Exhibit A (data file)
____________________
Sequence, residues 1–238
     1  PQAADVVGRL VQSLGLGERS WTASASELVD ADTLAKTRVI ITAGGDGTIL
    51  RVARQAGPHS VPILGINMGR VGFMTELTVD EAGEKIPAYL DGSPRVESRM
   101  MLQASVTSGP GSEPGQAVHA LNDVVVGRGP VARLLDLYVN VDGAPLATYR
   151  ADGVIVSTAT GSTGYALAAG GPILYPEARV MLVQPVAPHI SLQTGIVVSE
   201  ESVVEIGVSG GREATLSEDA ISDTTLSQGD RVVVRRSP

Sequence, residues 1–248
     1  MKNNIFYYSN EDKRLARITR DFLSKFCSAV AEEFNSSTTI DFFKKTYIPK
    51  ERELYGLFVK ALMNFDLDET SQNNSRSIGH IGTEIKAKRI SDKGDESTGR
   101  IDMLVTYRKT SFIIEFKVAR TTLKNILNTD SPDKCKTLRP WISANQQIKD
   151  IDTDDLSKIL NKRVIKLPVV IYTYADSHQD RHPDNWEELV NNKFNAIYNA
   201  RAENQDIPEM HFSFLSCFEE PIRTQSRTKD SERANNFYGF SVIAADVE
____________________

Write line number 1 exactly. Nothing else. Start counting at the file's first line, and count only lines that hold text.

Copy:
Sequence, residues 1–238